He’s always taken an interest in telling the stories of people who live differently to him.
Gangsters, homeless people, township residents – Joshua Rubin has worked with them all, using his passion for filmmaking and photography as a mic for the voiceless.
“I find people fascinating, especially in South Africa,” Joshua (23) says.
“We have such a variety of different cultures and different kinds of people.”
Several of his videos have gone viral, the most recent being the story of Fernando Mkhabela, a self-taught builder and designer.
Fernando, who lives in Joe Slovo, an informal settlement in Cape Town, transformed his shack into a mini palace.
The humble abode even features a ceiling that lights up in a range of colours with the switch of a button.
Joshua captured the impeccable architecture and shared it to his Facebook page South African Stories. The video went viral, racking up close to 300 000 views.
“I met Fernando through Christopher, a man I spotted while driving around,” Joshua explains.
“I stopped to have a conversation with Chris and afterwards went to his shack to Joe Slovo. The shack was completely run down. From one wall to the other was about 1,8m and it was about 2m tall. The sides and roof were caved in. It was a bad situation.”
Feeling compelled to help, Joshua made a video asking for funds to build Chris a new shack and a new bed as he was sleeping on a piece of wood with two concrete blocks underneath.
After raising enough money, they came across Fernando.
“I asked Fernando if we could first see some of his work. He invited us back to his shack and that was how we started working together.”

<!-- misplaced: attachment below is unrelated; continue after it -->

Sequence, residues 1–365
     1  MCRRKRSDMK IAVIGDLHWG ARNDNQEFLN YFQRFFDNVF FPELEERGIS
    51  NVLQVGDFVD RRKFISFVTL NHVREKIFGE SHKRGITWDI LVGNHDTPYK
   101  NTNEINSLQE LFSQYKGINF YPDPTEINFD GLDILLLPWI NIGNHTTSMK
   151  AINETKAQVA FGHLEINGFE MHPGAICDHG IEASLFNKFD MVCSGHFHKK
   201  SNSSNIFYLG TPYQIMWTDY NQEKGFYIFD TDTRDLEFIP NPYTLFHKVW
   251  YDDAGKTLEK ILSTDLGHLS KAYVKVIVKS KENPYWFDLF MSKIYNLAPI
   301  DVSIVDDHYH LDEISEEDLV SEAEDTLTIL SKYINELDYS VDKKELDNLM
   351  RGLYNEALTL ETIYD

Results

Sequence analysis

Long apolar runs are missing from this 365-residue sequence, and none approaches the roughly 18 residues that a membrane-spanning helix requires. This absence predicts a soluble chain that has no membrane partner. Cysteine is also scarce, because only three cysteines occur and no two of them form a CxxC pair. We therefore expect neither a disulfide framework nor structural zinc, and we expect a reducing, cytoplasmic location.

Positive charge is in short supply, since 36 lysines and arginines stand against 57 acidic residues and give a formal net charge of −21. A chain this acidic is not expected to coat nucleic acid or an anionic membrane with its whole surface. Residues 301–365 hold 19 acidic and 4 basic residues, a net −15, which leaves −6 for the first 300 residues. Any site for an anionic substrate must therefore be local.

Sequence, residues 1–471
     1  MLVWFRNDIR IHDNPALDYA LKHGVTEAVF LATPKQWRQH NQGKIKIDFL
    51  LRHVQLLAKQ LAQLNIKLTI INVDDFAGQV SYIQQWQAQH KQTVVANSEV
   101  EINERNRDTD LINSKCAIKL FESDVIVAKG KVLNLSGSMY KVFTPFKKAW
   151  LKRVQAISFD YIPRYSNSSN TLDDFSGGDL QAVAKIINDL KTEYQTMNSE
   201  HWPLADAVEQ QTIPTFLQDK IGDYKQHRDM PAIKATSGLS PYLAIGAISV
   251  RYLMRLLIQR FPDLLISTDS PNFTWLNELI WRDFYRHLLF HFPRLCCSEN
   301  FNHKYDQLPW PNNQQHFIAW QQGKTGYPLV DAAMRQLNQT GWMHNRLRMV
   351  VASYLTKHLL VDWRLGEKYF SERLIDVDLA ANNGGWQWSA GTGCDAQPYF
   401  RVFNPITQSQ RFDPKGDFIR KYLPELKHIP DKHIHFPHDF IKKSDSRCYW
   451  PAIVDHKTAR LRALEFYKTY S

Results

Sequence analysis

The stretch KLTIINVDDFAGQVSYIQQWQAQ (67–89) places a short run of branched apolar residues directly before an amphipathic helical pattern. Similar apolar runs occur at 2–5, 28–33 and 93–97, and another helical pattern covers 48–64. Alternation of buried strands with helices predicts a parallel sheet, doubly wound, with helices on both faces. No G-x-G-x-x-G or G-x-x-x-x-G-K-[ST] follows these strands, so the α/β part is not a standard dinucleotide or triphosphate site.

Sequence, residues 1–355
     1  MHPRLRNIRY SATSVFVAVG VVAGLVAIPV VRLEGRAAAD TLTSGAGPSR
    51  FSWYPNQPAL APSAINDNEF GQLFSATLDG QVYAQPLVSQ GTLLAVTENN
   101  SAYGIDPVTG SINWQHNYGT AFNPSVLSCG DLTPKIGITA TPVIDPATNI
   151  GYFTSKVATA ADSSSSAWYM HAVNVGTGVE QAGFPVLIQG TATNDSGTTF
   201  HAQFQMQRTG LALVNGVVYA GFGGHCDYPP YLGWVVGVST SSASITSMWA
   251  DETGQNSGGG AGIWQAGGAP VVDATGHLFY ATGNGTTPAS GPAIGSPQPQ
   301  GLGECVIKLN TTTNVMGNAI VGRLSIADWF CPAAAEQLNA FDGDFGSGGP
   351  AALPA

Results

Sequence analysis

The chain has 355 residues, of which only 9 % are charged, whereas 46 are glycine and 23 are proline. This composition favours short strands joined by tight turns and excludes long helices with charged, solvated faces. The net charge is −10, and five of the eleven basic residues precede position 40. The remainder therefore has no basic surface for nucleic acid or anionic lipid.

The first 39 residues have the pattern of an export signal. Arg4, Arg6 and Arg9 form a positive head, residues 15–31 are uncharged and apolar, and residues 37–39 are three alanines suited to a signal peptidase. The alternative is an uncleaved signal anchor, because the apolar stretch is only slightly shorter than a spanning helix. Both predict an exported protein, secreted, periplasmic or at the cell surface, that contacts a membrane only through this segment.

Even though the viral videos help to get his name out there, Joshua, who was born in Zimbabwe but now lives in Cape Town, says he is not after publicity.
“The reason I love what I do so much is because I get to combine my passion for film making and photography with helping people.”
Finding these stories are not always easy and Joshua leaves a large part of it up to chance.
“I drive around for hours just looking for people and talking to them,” he explains.
“I ask permission before I shoot anything. It helps to build a good relationship with these people.”
The time he spent studying at the Orms Cape Town School of Photography has helped him shoot and edit the content he creates.
“A lot of the time people are quite sceptical, but I do explain as best I can. I tell them exactly what I am using them for. I even show them some other videos I have made.”
On South African Stories and on his personal Instagram account he posts his interviews and documentaries. It ranges from discussions with former prisoners to xenophobia victims seeking refuge in Cape Town.
“What I have learned is to not just judge people right away. I work with gangsters and the homeless and people often have this perception that people like that have nothing to contribute to the world. But that is wrong. They have so much to give. It might not be material things but just the wisdom some of them have is amazing.”
He will also be shooting videos on such topics for the popular online group #ImStaying.
“I want to change the perceptions we have of these areas and people,” Joshua says.
“I want us to realise that they are not bad. They are just people who have had bad luck or have been put in hard situations.
“This is my passion.”